Which is better, porcelain or ceramic tiles?

After last week’s blog, New Trends in Bathroom Tiles, so many of you have asked me, “Which is better, porcelain or ceramic tiles?  It’s hard to answer that question, because there are so many variables to take into consideration.  Are you tiling inside or outside? What kind of traffic will be in the area? What is your budget?

Ceramic and porcelain tiles are both made from clay or bisque, so they are fired in a kiln.  From there, they can be glazed or not.  Ceramic tiles are made from either red or white clay.

 

Red clay based ceramics are usually glazed, they are a little softer and usually a little less expensive.  The hardness of the product can be a big factor, depending upon the location of your tile project.  An entryway or kitchen is going to get a lot more wear and tear than your guest bathroom, so a harder tile product will be a wise choice in that type of area.  You can easily go with a softer product in less used spaces.

All tile has a PEI rating (Porcelain Enamel Institute), which helps you determine the hardness and durability of the tile.  Using ratings from one to five, a PEI of 1 means the tile should not be exposed to any foot traffic, as it will chip easily, and it should only be use on walls.

PEI 2 indicates the tile can be used in light traffic areas like a bath or on walls.

PEI 3 indicates use in light to moderate traffic areas on surfaces such as countertops, floors and walls.

PEI 4 is for commercial grade use, and PEI 5 is heavy commercial, like a mall or office building.  These PEI ratings will help you make better decisions on your project.

Porcelain is harder and more durable than ceramic.  It’s been around for a while and is now more commonly used for all projects, not just commercial applications.  In the past, porcelain was a bit more expensive, but the price has come down and it’s comparable to ceramic.

There exists a common misconception that porcelain is the preferred tile of use because the color goes all the way through the tile.  Therefore, if the tile chipped, it would be less noticeable and less likely to need replacing.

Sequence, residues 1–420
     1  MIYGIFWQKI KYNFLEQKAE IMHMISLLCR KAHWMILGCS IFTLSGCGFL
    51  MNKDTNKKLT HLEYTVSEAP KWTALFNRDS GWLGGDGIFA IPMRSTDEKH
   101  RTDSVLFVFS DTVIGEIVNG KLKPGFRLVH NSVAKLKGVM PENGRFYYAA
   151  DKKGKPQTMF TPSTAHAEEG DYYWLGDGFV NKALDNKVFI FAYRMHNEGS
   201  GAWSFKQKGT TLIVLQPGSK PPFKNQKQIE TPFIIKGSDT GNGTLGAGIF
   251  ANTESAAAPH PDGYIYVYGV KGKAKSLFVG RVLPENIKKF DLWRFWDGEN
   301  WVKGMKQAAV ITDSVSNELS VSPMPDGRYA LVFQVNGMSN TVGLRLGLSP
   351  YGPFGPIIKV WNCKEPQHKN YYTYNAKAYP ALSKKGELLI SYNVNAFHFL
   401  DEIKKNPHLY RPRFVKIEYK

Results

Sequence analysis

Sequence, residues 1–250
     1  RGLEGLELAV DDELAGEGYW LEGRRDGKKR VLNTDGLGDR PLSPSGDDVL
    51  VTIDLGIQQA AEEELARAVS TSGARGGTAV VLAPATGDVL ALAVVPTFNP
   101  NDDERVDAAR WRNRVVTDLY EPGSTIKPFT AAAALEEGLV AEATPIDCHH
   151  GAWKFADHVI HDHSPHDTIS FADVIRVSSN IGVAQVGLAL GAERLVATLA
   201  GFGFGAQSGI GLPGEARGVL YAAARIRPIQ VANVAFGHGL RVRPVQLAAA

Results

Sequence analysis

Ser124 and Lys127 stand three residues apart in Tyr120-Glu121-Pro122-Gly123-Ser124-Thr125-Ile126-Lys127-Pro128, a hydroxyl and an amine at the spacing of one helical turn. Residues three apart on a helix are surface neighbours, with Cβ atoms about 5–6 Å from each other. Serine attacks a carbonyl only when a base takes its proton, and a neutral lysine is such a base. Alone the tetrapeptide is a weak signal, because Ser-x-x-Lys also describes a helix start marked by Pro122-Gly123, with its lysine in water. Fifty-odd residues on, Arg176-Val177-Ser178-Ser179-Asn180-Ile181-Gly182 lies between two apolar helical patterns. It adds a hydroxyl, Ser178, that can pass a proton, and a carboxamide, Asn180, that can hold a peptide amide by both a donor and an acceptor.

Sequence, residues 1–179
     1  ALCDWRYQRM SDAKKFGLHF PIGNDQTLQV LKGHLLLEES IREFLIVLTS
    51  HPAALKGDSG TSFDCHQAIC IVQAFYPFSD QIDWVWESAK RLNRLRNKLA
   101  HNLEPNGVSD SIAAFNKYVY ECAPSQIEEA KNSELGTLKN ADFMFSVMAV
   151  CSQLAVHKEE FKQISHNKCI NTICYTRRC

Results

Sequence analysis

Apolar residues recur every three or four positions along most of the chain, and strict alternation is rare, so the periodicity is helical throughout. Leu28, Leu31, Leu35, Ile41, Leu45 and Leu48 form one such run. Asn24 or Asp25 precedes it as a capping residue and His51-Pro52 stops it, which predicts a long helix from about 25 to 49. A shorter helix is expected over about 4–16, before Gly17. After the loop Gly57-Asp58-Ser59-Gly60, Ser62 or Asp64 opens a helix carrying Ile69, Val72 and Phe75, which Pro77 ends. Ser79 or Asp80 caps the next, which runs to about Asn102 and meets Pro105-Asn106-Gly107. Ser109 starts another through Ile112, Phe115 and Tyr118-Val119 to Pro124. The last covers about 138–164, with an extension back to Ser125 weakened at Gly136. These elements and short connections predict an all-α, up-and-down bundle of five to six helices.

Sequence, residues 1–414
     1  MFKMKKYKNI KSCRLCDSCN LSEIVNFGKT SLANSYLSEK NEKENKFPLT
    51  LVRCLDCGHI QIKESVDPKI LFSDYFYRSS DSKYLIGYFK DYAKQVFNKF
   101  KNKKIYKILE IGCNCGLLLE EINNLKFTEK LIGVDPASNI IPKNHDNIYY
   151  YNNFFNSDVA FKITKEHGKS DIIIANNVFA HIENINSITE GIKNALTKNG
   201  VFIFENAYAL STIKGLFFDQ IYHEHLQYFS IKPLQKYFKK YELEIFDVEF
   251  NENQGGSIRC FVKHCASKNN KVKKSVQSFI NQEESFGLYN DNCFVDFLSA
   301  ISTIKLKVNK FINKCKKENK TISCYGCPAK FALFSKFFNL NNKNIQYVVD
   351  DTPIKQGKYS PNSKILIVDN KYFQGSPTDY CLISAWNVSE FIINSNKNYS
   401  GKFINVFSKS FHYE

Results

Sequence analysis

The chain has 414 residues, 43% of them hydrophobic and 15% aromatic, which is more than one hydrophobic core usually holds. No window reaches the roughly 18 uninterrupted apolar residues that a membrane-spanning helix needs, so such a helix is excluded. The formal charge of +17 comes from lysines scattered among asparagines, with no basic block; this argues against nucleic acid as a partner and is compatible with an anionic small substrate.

This may be true in some porcelain tiles, but this is not the case with most porcelain these days!  Today, porcelain tiles are mostly made with a colored, ceramic glaze over a porcelain body, which is usually white or light tan.  Thus, if it chips, you will need to change the tile.

Generally, porcelain is much harder than ceramic. The fine sand slip is fired very hot, almost as if making glass, instead of a clay product.  The hardness makes the tile durable and dependable, as well as versatile in other ways.  The surface can be polished to compliment granite or marble.  The choices of color and style are quickly catching up to ceramic.

There are a few things to consider before using porcelain, however. If you’re laying the tile yourself, porcelain needs special tools to cut and shape it.  Basic homeowner tools, like a cutting board or wet saw, are not enough. You’ll need professional equipment with special porcelain blades.  Setting the tiles are different as well, and all these factors add to the installation cost.

In summary, remember that making a tile choice is much more complicated than simply choosing ceramic or porcelain.  You’ll need to consider the foot traffic and conditions first, and make sure you get something appropriate.  If you decide to use a glazed ceramic, stay away from high-end gloss finishes on floors, as the shinier the glaze, the more brittle the tile.  It can be easily scratched, not to mention how slippery the surface will be! If you live in wintry region, it’s good to know that porcelain is frost proof, so you can use it outside or anywhere the temperature drops below zero, such as a walk-in freezer.

 

Next, you can begin to choose what appeals to you aesthetically, such color, texture, and size. Don’t be afraid to think outside the box when it comes to picking out tile for your next project!

I’m happy to help you pick out your tile!

Call me at 404 943 0779 or email me at Melanie@interior-revivals.com

 

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